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Barton Chronicle: FDA Waives Cheese Making Regulation

April 6, 2016
In The News

By Joseph Gresser

Over the past couple of years U.S. Representative Peter Welch and congressional friends from both sides of the aisle have succeeded in rolling back Food and Drug Administration (FDA) rules that Mr. Welch has said could have harmed Vermont businesses.

Perhaps more importantly, Vermont’s lone congressman said Monday that he expects the FDA will work with food producers in crafting new regulations that will have the intended effect of protecting the food supply without harming small businesses.

Two years ago, the FDA worried artisan cheese makers when it moved to ban the use of wooden shelving in cheese caves. The move was a reaction, or in the cheese makers’ view, an overreaction, to the case of a New York State cheese producer who repeatedly failed sanitation inspections. 

Around the same time, brewers were notified that they would be barred from giving spent grain to farmers for animal feed. Instead, brewers were told to dry the grain, bag it, and send it to a landfill. 

That would burden brewers with a large new cost, and harm farmers who would use inexpensive or free food for their livestock. 

In both cases Mr. Welch wrote a letter to the FDA asking regulators to restudy the issue, and he found co-signers who had artisan brewers and cheese makers in their districts.

In both cases, the FDA decided to reconsider its initial decision, leaving the producers able to continue their previous way of doing business.

That period of peace did not last long for the cheese makers, who discovered a provision in the regulations intended to enforce the Food Safety Modernization Act (FSMA) passed by Congress in 2011.

The new regulation would have required the amount of non-toxigenic e coli bacteria allowed in raw milk cheese cut to a ten-thousandth of the previously allowed level. 

When the regulations were first published Professor Catherine Donnelly of the University of Vermont’s Department of Nutrition and Food Sciences said they made no sense. 

The non-toxigenic portion of the bacteria’s means it is not harmful, Ms. Donnelly said.

Ms. Donnelly said the International Commission on Microbiological Specifications for Foods (ICMSF), advised against testing for the bacteria in raw milk cheese, said Ms. Donnelly, who was director of the Vermont Institute for Artisanal Cheese, which stopped giving workshops in 2013.

“The ICMSF says don’t test for e coli in raw milk cheese,” she said. “You can expect it to be there.”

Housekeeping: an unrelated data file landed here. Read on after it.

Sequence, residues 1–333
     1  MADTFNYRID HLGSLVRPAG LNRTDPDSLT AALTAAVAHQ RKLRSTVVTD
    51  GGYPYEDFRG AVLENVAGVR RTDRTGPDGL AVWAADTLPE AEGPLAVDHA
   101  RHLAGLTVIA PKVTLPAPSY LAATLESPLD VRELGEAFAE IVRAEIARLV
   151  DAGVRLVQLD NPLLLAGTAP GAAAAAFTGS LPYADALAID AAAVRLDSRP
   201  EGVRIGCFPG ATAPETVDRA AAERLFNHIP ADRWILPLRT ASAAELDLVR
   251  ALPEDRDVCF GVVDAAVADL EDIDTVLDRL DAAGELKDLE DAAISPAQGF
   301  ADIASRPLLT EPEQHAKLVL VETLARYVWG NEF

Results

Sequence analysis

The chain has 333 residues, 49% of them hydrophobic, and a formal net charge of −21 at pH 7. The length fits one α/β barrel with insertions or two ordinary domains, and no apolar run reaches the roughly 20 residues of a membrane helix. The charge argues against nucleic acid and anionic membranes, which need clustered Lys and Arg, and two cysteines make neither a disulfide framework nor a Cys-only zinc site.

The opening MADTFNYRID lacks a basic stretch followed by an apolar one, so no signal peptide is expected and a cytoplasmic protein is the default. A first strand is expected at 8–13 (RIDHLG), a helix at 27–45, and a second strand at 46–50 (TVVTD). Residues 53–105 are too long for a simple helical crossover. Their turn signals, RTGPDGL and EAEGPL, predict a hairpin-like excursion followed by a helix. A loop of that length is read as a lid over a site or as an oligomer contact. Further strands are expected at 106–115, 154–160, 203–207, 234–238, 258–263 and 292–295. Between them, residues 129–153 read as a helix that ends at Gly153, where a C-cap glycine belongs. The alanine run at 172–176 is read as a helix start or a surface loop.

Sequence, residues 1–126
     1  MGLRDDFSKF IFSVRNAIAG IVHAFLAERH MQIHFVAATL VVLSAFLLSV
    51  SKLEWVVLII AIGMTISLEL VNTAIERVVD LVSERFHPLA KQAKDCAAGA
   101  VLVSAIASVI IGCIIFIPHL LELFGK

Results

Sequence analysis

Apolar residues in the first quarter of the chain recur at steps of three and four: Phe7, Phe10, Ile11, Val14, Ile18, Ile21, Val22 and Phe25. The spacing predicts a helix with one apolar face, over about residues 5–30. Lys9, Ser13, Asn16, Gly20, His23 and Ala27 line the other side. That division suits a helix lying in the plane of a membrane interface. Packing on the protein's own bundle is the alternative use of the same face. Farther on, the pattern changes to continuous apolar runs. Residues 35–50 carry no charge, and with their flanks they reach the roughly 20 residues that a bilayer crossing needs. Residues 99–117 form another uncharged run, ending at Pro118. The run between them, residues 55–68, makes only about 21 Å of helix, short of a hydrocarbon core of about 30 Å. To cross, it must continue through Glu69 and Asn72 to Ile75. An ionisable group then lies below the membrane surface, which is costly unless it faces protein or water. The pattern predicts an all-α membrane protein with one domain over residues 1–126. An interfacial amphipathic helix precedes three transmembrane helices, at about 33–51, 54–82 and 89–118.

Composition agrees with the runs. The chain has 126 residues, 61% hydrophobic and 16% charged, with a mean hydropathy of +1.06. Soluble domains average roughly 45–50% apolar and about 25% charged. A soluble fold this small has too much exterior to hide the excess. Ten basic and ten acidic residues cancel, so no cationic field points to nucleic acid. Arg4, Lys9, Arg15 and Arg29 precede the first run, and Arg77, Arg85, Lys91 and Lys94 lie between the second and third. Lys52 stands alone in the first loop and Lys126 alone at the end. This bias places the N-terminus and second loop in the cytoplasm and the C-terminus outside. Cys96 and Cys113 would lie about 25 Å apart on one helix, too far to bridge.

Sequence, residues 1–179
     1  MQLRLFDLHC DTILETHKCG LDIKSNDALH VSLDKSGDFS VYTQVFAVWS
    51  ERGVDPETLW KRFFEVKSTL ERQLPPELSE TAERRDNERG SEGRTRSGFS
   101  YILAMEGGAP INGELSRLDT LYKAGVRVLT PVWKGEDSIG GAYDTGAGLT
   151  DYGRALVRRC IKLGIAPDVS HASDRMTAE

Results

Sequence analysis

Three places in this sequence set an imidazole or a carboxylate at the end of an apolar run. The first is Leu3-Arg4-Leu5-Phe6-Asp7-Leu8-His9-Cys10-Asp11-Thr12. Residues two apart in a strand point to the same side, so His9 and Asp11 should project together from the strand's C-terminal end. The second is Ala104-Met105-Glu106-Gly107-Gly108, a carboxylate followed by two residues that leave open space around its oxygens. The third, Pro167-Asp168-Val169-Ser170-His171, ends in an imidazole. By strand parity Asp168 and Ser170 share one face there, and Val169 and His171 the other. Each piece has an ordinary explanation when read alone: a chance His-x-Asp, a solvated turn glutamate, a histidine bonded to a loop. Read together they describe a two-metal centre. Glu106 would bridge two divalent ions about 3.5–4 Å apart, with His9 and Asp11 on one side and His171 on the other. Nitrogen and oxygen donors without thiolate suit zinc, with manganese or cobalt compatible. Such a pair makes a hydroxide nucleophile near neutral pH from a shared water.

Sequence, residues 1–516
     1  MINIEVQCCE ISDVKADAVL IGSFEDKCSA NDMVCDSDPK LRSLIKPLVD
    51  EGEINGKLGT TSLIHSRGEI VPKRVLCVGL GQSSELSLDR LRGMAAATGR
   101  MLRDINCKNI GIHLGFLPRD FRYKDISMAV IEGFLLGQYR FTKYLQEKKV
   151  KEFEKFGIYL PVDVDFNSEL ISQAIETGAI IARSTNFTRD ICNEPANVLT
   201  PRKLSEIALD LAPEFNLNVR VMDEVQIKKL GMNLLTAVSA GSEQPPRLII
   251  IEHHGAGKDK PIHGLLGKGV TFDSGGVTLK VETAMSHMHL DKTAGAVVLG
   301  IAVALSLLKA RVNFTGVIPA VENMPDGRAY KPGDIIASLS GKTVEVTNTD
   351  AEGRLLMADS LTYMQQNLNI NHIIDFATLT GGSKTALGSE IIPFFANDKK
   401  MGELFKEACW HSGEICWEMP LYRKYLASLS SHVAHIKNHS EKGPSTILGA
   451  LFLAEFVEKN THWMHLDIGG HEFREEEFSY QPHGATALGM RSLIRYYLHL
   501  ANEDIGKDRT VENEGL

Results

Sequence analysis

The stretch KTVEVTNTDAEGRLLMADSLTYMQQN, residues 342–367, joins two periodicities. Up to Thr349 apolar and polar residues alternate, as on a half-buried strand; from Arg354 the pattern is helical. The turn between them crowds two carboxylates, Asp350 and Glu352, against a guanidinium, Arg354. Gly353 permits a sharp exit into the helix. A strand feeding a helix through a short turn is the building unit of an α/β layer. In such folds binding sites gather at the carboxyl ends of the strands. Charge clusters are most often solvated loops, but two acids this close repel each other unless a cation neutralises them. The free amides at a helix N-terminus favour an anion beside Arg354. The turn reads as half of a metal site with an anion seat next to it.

In fact, she said, there is evidence that the bacteria contribute to the flavor of raw milk cheese.

The cheese makers, including Mateo Kehler of Jasper Hill Farm, again turned to Mr. Welch, who found a group of his colleagues, including Wisconsin Representative Paul Ryan, the Speaker of the House of Representatives, and Senators Patrick Leahy and Bernie Sanders, willing to sign a letter on the cheese makers’ behalf.

Their letter had the desired effect, and Michael Taylor, the FDA deputy commissioner for foods and veterinary medicine, traveled to Vermont.

“The deputy administrator visited cheese makers, which allowed him to see cheese makers are completely committed to safe practices,” said Mr. Welch.

Since his visit the FDA “waived implementation of the regulation,” he said.

Mr. Welch said the FDA will review rules governing cheese making with input from cheese makers.

We need regulations, but they need to be practical and effective,” the Congessman said.

The rule intended on non-toxigenic e coli would have put cheese makers out of business, he said.

Well-crafted regulations could achieve the goal of insuring public health while enhancing the economic prosperity of cheese makers, said Mr. Welch.

He said he is interested in relieving unnecessary regulatory burdens on other Vermont business. For instance, small banks in the state are having to comply with regulations designed to curb the practices of giant financial institutions, the Congressman said.

Mr. Welch said he is looking for ways to relieve Vermont banks of heavy-handed oversight while still making sure customers, depositors, and the public are protected.